Friday, July 16, 2021

Malaysia willing to cooperate with US to tackle forced labour issue, says minister

M Saravanan says the issue has been given priority by the government.

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Malaysia is ready to enter into strategic cooperation with the US to address human trafficking issues, especially forced labour, says Human Resources Minister M Saravanan.

In a discussion with US ambassador to Malaysia Brian McFeeters today, Saravanan said he had expressed the ministry’s willingness to enter into strategic cooperation with the US in efforts to improve enforcement to increase the number of convictions concerning forced labour cases.

He said the discussion also revolved around the 2021 US State Department’s annual report on human trafficking.

“The forced labour issue, especially involving foreign workers, is given a priority by the government following the US State Department’s report as well as several other reports and studies conducted by various international institutions,” he said in a statement today.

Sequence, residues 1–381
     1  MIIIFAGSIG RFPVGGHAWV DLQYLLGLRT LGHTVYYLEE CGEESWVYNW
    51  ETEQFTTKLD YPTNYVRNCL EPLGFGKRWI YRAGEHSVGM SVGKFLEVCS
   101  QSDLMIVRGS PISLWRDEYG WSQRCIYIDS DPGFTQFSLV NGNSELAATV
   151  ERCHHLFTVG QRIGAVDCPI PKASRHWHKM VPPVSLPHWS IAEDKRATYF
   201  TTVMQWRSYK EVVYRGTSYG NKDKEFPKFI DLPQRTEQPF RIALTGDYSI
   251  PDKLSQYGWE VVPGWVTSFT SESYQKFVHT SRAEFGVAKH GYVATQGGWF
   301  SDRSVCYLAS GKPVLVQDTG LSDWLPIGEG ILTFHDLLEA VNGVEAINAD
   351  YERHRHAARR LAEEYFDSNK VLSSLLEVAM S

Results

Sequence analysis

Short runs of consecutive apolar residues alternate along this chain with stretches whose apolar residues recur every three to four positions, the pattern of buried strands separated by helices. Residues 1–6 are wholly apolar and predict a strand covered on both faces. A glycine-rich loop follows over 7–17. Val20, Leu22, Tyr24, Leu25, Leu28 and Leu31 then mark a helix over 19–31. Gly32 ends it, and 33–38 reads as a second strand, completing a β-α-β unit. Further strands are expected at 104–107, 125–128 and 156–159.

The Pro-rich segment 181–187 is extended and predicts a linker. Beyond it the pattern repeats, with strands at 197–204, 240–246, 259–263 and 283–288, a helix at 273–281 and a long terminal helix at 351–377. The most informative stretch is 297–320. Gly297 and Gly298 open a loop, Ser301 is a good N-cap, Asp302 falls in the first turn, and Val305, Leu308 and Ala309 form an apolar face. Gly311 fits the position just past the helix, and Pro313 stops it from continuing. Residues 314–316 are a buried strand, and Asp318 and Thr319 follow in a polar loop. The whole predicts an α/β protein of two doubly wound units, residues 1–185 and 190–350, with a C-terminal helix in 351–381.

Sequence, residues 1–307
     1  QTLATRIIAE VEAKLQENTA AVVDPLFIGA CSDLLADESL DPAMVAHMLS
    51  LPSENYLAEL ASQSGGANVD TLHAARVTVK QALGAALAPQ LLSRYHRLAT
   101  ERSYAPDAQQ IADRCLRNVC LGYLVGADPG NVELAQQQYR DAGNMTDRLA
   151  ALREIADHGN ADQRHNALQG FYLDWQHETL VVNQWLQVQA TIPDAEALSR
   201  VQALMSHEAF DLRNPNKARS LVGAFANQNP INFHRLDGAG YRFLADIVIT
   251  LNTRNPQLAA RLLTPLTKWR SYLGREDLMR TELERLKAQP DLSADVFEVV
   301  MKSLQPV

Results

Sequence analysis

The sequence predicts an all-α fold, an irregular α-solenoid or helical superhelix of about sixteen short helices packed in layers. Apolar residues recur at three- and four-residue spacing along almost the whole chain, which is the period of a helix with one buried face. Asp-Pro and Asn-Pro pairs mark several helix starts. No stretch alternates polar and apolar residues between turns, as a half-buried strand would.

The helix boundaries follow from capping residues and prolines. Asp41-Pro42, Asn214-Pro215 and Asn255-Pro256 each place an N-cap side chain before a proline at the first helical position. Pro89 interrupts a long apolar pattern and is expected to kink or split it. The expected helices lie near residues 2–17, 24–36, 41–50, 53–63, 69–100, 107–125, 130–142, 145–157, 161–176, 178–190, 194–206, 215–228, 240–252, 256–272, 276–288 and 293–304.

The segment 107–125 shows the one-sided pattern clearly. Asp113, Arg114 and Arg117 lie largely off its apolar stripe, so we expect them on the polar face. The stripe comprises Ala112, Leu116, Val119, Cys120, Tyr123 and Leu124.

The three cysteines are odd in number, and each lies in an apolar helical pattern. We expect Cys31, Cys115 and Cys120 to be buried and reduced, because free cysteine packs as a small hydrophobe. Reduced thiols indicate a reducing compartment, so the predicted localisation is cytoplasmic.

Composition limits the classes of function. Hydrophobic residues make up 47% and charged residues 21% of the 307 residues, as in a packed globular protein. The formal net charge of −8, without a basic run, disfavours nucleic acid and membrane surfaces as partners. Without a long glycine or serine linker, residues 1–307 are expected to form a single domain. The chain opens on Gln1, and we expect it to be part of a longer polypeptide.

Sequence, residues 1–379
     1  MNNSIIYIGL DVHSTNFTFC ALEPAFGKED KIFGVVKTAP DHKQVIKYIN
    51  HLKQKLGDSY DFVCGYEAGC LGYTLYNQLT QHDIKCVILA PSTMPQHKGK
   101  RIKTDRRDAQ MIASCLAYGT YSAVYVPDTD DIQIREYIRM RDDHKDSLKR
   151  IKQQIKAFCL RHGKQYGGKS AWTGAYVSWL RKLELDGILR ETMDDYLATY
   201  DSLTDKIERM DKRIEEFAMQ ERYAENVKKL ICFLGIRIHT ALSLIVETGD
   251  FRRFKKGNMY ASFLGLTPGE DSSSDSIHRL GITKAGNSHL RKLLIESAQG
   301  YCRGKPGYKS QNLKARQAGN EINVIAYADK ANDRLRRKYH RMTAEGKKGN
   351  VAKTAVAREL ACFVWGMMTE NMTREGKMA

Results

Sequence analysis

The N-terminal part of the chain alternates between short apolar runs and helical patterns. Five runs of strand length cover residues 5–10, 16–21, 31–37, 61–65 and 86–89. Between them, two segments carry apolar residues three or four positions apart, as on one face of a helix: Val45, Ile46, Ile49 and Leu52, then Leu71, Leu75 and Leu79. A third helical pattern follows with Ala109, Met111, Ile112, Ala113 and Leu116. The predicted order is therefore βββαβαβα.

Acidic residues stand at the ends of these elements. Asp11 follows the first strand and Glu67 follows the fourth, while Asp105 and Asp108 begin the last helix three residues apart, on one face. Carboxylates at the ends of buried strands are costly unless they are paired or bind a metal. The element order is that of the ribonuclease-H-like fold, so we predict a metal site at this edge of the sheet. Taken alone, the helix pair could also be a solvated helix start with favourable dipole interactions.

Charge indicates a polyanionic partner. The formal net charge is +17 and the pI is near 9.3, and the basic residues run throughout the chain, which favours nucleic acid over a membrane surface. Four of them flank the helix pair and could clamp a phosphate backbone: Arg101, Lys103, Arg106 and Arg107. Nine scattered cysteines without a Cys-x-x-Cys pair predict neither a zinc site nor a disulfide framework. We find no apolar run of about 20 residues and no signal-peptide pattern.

He said the latest study carried out by the Modern Slavery and Human Rights Policy and Evidence Centre (The Modern Slavery PEC) also touched on the issue of forced labour in the rubber glove manufacturing sector entitled “Forced Labour in the Malaysian Medical Gloves Supply Chain during the Covid-19 Pandemic”.

Saravanan said he had also briefed McFeeters on the initiatives implemented by the ministry to address the issue including the enforcement of the Employment Act 1955 (Act 265) and the Workers’ Minimum Standards of Housing and Amenities Act 1990 (Act 446) where, throughout last year until June this year, a total of 194 investigation papers had been opened.

He also said that the ministry is collaborating with the International Labour Organisation to develop a national action plan on forced labour and child labour which is expected to be finalised and launched in the fourth quarter of this year.

According to him, the Working for Workers mobile application launched in May to address labour issues had received a total of 5,675 complaints as of July 11, of which 4,105 had been addressed by the ministry.

Saravanan said the ministry was in the midst of reviewing the US State Department’s report as well as the Modern Slavery PEC study to improve existing measures and ensure a comprehensive approach to dealing with labour issues.

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